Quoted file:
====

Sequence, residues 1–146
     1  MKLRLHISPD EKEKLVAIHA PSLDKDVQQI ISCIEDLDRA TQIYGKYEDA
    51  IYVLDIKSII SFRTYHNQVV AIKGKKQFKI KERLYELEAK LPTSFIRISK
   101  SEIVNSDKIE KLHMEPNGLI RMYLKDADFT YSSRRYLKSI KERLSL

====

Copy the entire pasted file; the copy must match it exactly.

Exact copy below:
Sequence, residues 1–146
     1  MKLRLHISPD EKEKLVAIHA PSLDKDVQQI ISCIEDLDRA TQIYGKYEDA
    51  IYVLDIKSII SFRTYHNQVV AIKGKKQFKI KERLYELEAK LPTSFIRISK
   101  SEIVNSDKIE KLHMEPNGLI RMYLKDADFT YSSRRYLKSI KERLSL